Without civil and political rights, development is incomplete

The traditional notion of development encompasses a set of economic development indices that can arguably create enabling conditions for the fulfilment of many economic and social rights. However, development thinkers have gradually embraced a broader definition of development that includes people’s civil and political rights. Nevertheless, some people, including politicians, continue to insist on a narrow definition that ignores or even denies the aspects of civil and political rights.    

In recent years, several leaders including some from Bangladesh have been implicitly making an argument that some rights are more important than the others. For instance, in an interview with The New York Times in December 2018, Prime Minister Sheikh Hasina argued that, “If I can provide food, jobs and health care, that is human rights. What the opposition is saying, or civil society or your NGOs—I don’t bother with that.” This is indeed a very contentious position on the question of what development means.

The real question one may ask though is: does development only mean progress on some economic and social indices? Is the concept distinct from civil and political rights? Those who define development as an economic concept argue that there are countries that are making breath-taking economic progress, thereby improving many economic and social entitlements of their citizens—even if they restrict civil and political rights. It’s a popular line among the Bangladeshi political class. The countries that are usually referred to this category, China foremost among them, are outliers. Many more countries that systematically deny civil and political rights could not develop economically.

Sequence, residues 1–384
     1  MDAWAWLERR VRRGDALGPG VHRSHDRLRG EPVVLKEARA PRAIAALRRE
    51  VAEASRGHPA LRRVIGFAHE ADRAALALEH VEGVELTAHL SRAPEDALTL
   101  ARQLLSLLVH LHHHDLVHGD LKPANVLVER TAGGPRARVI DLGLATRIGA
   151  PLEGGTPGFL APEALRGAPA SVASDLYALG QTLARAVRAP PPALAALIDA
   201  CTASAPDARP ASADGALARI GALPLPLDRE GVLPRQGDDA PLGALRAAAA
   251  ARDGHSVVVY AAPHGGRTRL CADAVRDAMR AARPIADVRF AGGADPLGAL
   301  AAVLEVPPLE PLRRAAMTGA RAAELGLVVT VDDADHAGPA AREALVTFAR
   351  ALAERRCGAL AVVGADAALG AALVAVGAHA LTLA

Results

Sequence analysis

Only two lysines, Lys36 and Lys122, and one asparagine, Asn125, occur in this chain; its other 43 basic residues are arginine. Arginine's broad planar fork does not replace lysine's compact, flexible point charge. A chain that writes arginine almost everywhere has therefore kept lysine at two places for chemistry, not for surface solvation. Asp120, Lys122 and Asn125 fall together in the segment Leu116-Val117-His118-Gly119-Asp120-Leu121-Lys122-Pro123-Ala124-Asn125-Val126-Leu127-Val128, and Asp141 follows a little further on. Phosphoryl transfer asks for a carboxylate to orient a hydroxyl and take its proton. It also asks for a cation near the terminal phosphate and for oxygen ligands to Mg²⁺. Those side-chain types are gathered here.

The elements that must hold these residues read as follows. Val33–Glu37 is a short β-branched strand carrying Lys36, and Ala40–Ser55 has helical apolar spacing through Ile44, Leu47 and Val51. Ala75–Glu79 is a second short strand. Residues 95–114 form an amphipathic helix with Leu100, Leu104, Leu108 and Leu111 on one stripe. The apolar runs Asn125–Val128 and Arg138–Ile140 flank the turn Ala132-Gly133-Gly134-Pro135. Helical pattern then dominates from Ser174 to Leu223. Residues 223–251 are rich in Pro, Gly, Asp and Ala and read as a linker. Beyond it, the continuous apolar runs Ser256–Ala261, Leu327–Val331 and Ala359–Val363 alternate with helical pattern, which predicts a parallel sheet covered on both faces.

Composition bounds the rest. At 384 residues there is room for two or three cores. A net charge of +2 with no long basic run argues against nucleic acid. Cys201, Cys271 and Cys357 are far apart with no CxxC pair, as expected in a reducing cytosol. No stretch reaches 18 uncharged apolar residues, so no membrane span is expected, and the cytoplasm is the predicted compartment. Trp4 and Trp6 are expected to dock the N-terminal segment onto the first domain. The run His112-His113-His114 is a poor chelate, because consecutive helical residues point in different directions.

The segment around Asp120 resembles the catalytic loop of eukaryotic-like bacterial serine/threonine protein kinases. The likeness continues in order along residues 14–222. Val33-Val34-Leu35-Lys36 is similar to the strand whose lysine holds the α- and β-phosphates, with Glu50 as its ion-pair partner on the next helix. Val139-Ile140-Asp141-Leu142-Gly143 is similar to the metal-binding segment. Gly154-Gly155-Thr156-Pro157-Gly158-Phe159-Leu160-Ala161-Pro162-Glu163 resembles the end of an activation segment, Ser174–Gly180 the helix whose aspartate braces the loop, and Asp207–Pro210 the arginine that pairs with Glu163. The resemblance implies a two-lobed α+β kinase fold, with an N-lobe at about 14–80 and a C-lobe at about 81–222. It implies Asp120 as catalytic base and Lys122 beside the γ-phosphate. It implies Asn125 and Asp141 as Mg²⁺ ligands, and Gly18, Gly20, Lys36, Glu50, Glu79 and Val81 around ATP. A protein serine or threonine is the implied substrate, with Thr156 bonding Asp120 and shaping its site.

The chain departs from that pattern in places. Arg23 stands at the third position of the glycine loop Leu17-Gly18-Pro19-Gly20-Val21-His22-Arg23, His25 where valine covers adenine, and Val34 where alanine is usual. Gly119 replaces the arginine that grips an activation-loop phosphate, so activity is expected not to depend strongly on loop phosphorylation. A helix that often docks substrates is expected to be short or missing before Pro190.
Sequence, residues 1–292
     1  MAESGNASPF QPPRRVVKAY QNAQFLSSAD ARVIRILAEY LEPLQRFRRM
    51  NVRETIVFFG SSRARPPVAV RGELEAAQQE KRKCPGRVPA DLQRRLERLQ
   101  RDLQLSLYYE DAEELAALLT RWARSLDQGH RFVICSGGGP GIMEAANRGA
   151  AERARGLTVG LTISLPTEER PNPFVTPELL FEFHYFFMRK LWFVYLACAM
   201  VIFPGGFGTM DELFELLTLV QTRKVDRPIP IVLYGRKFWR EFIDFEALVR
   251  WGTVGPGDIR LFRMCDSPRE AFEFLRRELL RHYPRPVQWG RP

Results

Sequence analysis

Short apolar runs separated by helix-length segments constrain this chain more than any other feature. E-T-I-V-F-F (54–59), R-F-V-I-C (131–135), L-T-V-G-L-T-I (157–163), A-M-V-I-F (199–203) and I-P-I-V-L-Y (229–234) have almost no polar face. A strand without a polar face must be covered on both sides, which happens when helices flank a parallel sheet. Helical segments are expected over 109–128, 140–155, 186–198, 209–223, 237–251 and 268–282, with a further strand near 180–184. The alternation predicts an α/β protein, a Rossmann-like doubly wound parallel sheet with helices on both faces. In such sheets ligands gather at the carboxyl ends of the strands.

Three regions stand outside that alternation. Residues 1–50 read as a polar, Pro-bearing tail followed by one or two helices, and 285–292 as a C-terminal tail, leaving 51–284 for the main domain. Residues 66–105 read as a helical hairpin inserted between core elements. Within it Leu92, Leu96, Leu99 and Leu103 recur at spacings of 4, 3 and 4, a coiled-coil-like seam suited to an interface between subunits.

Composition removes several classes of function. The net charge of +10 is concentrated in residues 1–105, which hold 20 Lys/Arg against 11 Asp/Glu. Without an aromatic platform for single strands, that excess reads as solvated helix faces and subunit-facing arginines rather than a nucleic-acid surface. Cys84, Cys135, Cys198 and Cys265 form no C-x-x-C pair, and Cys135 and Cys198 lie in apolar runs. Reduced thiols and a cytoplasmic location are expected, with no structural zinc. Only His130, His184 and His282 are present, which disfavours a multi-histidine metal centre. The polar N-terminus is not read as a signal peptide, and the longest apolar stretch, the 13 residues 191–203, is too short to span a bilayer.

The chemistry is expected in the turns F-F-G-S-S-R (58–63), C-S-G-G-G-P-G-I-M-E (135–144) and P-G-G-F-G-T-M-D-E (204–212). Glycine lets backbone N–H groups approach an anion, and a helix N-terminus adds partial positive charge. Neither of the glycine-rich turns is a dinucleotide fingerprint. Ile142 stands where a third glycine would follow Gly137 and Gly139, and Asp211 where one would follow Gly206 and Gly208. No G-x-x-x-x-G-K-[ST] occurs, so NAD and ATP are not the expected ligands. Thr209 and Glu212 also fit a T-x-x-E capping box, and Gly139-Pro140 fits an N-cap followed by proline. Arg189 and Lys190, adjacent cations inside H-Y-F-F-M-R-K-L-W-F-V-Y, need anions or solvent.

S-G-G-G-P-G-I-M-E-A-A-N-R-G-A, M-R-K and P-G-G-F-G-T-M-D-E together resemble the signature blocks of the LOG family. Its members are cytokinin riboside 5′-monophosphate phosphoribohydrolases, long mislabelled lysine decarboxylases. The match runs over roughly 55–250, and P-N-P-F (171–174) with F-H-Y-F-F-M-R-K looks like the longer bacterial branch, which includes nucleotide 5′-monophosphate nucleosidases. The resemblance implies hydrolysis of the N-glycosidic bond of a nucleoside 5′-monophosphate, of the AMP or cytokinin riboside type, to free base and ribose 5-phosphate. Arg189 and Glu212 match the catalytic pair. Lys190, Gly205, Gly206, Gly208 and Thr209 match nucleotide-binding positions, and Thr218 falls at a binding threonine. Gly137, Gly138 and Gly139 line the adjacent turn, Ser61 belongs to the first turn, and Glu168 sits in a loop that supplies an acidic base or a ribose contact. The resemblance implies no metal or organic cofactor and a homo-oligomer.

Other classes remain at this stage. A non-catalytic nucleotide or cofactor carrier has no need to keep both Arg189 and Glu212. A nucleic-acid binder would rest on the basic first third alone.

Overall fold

However, the problem with this argument is a question of definitions. The traditional concept of development mainly focuses, narrowly, on economic aspects, with an emphasis on growth, median income, consumption and other economic indices. Since the early 1990s, however, the mainstream discourse of development gradually observed a paradigmatic shift—broadening to include notions of social justice, human development, human rights and well-being. In his seminal work Development as Freedom (1999), leading development thinker Amartya Sen redefined development as an idea that “consists of the removal of various types of unfreedoms that leave people with little choice and little opportunity of exercising their reasoned agency.” Together with Sen, academics, experts, and development thinkers have also embraced this broader definition, one that has since influenced the United Nations, many governments, non-government organisations, and other multilateral agencies. For instance, the Sustainable Development Goals, which Bangladesh and other countries explicitly accepted, include political freedoms as one of the key development goals (SDG 16).

While Bangladesh should continue to strive to progress in economic and social spheres to advance rights to health, adequate standards of living and education, it must not create a false choice between development and freedom

Sultan Mohammed Zakaria